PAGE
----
Distribution

Distributors are in the middle, and they serve as the bridge between manufacturers and customers. 

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For this type of business, features that allow the company to track products and contract terms for any of their suppliers and customers. They will also need inventory and logistical functions to streamline the process of getting products into the hands of customers. 

Retail

Retailers are one of the final pieces of the puzzle, and they connect customers to products.

In the sense of traditional retailers with physical locations, an SCM isn’t necessary. Instead, retail management and POS (Point of Sale) software will be more critical for the business.

Female walking in shopping mall.

But, for e-commerce retailers, an SCM will prove indispensable. Retailers will want to have many of the same features that distributors rely on.

Ecommerce retailers will also need warehouse and transportation management solutions, as well as inventory management solutions. Larger retailers will also want to look for strategic planning and forecasting features, too.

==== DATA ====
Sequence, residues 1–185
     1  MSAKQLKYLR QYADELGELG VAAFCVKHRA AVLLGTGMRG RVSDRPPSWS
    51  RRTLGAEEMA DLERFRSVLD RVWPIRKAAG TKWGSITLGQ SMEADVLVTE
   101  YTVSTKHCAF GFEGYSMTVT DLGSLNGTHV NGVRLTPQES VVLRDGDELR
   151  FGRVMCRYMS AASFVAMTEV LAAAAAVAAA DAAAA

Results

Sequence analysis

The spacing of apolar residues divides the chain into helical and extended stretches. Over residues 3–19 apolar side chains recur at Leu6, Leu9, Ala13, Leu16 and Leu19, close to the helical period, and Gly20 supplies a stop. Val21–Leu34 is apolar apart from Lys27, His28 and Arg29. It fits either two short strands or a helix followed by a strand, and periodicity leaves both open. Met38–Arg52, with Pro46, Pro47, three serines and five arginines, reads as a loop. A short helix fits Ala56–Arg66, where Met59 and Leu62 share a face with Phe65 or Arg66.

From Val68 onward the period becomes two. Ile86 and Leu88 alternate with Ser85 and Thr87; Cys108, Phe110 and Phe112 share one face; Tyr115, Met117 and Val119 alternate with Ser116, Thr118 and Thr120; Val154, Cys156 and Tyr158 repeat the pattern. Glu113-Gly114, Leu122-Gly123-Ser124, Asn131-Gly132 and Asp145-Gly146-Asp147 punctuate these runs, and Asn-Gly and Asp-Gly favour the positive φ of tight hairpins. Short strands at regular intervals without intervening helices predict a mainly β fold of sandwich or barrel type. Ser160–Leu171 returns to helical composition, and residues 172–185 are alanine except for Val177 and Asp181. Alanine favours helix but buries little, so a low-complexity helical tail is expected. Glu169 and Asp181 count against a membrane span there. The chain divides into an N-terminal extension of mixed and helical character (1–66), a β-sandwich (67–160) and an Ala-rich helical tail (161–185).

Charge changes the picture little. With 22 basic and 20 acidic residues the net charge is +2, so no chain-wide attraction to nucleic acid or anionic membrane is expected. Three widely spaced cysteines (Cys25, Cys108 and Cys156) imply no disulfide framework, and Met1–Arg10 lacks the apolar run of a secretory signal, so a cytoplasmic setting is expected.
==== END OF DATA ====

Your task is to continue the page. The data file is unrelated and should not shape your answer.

Third-Party Logistics

Third-party logistics businesses are the 4th type of SCM customer. These companies supply products or components for another business, and they need to manage customer orders, warehousing, and transportation for a variety of different customers. 

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Logistics businesses will want their SCM to provide robust customer profiling, lot tracking, supply management, and fulfillment features.

How Does an SCM Deliver Value to an Organization?

For the companies that need it, supply chain management can help them streamline and improve several aspects of their business.

Over 75% of companies with a highly functional supply chain grow at a rate higher than the industry average, so SCM is worth looking into.

SCM software is designed to increase efficiency while reducing costs. This software can also provide intelligence-based features like trend analysis and forecasting to help management make smarter decisions.

Mobilephones with business charts.